The bourgeois ladies laughed at the sermons, equally imbecile and ethical, of these solemn philosophers; they kept on their way and attained the end they set for themselves; like the patrician lady of ancient Rome and the countess of the eighteenth century, they threw off the cares of housekeeping and of the nursing of the child upon mercenaries, that they might devote themselves wholly to the toilet, that they might be the most luxuriously arrayed dolls in the capitalist world and in order to make business move. The daughters and wives of American plutocracy have attained the extreme limits of this sort of emancipation; they are transforming their fathers and husbands into accumulators of millions, which they squander madly. Since the toilet does not exhaust the entire activity of the ladies of capitalism, they find amusement in breaking the marriage contract in order to assert their independence and improve the race. The Communist Manifesto remarks that the innumerable divorce suits in which adultery is alleged are indisputable proofs of the respect inspired in the bourgeois of both sexes by the sacred bonds of marriage which the “licentious socialists” talk of loosening.

When the daughters and wives of the small bourgeoisie, obliged to earn their living and to increase the resources of the family, began to invade the stores, the offices, the civil service and the liberal professions, the bourgeois were seized with anxiety for their means of existence already so reduced; feminine competition would reduce them still further. The intellectuals who took up the defense of the males, thought it prudent not to start afresh with the ethical sermons which had miscarried so piteously in the case of the wealthy bourgeois ladies; – they appealed to science; they demonstrated by reasons which were irrefutable and loftily scientific that woman cannot emerge from the occupations of housekeeping without violating the laws of nature and history. They proved to their complete satisfaction that woman is an inferior being, incapable of receiving a higher intellectual education and of furnishing the combination of attention, energy and agility demanded by the professions in which she was entering into competition with man. Her brain, less voluminous, less heavy and less complex than that of man, is a “child’s brain.” Her less developed muscles have not the strength for attack and for resistance; the bones of her forearm, her pelvis, her femur, and in fact all her osseous, muscular and nervous system do not permit her to undertake more than the routine of the household. Nature designed her in all her organization to be the servant of man, just as the odious god of the Jews and Christians marked out the race of Ham for slavery.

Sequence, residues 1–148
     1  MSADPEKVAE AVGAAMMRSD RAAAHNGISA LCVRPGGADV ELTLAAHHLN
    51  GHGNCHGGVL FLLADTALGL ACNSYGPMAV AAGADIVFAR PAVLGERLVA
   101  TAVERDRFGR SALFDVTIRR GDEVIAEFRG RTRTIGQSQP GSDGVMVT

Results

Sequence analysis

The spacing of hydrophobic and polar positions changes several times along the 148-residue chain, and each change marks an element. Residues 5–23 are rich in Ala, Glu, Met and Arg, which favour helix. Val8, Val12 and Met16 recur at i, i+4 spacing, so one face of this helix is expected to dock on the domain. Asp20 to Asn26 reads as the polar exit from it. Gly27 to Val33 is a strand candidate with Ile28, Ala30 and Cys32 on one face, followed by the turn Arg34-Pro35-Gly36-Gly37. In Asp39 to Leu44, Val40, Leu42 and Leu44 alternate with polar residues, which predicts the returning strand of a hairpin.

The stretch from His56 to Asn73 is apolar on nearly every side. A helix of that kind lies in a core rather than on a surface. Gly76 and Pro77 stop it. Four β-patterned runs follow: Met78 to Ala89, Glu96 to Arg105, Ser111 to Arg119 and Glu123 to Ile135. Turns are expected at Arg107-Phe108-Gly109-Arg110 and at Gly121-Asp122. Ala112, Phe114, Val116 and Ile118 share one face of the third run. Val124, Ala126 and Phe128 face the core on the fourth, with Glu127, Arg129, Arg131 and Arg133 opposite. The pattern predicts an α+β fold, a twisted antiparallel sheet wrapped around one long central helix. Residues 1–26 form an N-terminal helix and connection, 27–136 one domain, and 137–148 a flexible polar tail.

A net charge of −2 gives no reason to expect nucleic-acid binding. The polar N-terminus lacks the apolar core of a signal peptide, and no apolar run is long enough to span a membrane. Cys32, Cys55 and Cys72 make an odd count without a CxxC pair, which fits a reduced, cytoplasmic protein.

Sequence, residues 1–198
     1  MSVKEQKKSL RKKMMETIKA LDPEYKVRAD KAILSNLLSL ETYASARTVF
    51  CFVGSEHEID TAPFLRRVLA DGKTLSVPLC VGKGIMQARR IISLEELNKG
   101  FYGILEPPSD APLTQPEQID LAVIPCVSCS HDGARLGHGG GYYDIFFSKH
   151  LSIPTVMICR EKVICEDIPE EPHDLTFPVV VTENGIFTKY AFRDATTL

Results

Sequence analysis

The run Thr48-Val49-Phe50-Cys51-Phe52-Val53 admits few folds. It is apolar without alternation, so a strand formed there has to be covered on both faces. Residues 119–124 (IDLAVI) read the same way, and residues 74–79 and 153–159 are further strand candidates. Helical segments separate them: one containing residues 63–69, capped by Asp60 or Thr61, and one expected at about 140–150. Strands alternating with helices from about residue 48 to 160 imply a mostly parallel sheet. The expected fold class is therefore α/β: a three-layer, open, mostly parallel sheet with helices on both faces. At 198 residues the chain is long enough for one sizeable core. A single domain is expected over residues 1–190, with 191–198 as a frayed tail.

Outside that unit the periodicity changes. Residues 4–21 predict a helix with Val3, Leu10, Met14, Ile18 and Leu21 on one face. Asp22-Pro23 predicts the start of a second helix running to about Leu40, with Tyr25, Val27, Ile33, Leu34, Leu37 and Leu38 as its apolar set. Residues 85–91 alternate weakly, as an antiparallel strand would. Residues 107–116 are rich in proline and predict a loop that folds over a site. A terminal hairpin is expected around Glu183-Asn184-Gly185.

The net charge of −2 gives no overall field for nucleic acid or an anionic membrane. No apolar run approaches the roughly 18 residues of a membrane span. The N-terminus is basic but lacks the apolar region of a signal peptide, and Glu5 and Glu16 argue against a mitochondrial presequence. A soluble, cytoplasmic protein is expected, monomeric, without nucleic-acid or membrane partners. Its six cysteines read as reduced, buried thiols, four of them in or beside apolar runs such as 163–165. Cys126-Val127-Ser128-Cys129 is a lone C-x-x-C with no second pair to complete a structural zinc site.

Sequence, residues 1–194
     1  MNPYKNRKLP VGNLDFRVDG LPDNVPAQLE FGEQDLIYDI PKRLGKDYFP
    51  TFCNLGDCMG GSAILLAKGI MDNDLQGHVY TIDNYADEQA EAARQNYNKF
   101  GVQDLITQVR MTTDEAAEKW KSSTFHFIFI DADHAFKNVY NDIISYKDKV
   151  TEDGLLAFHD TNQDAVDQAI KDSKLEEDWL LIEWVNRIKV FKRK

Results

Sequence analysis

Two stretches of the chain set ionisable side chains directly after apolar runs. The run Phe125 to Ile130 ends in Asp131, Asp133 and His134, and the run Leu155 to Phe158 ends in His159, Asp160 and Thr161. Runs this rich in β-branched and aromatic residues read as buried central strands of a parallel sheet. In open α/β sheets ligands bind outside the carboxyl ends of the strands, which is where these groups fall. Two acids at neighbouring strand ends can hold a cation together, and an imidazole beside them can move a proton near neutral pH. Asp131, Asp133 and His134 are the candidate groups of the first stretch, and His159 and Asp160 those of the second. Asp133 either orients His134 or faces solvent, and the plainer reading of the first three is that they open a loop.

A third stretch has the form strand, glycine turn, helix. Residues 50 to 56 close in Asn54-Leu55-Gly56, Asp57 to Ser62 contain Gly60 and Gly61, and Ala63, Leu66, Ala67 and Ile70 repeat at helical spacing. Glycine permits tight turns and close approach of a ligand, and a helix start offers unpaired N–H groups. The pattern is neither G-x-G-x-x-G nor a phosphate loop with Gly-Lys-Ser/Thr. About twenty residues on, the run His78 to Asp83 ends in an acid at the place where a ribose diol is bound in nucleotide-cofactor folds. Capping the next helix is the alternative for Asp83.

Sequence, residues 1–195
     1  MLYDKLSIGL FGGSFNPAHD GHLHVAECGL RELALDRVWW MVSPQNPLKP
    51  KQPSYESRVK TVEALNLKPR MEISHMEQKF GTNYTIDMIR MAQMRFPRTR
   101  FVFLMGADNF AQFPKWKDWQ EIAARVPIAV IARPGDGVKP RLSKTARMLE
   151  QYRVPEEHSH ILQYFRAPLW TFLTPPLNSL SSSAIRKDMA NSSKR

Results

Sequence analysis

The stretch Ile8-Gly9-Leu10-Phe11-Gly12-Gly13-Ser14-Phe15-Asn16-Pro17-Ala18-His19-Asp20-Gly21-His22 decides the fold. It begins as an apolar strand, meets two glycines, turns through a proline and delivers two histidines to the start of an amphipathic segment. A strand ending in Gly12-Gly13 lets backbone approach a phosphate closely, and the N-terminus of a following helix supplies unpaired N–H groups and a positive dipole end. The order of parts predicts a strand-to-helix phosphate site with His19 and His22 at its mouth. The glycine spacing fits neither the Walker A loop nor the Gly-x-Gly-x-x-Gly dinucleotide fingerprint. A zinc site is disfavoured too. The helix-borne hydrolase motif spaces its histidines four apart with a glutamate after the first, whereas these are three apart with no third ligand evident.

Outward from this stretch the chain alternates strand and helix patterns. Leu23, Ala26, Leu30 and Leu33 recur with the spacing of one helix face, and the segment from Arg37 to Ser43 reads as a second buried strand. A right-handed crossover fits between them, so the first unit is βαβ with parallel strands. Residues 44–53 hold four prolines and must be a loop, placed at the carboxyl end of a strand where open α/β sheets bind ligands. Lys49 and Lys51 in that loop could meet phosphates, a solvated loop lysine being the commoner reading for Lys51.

History contributed its startling confirmation of these ultra scientific truths; the philosophers and the historians affirmed that always and everywhere the wife, subordinate to the man, had been shut up in the house, in the woman’s apartments; if such had been her lot in the past, such was to be her destiny in the future, was the positive declaration of Auguste Comte, the profoundest of bourgeois philosophers. Lombroso, the illustrious comedian, went him one better: he seriously declared that social statistics proclaimed the inferiority of woman, since the number of female criminals is below that of male criminals; while buried in these figures, he might have added that the statistics of insanity demonstrate the same inferiority. Thus we see that ethics, anatomy, physiology, social statistics and history riveted forever upon woman the chains of domestic servitude.


Bachofen, Morgan and a crowd of anthropologists have revised the opinion of the historians and philosophers upon the role played by woman in the past. They have shown that everywhere the paternal family, which subordinated woman to man, had been preceded by the maternal family, which gave the first place to woman. The Greek language contains the record of her two conditions: while the Spartans, among whom matriarchal customs persisted, still continued to call her despoinia, the mistress of the house, the sovereign, the other Greeks grave to the wife the name damar, the subdued, the vanquished. The Odyssey, in characterizing Nausicaa, says that she is parthenos admes, the girl not subdued, that is to say, without a husband, without a master. The modern expression “yoke of marriage” preserves the ancient idea.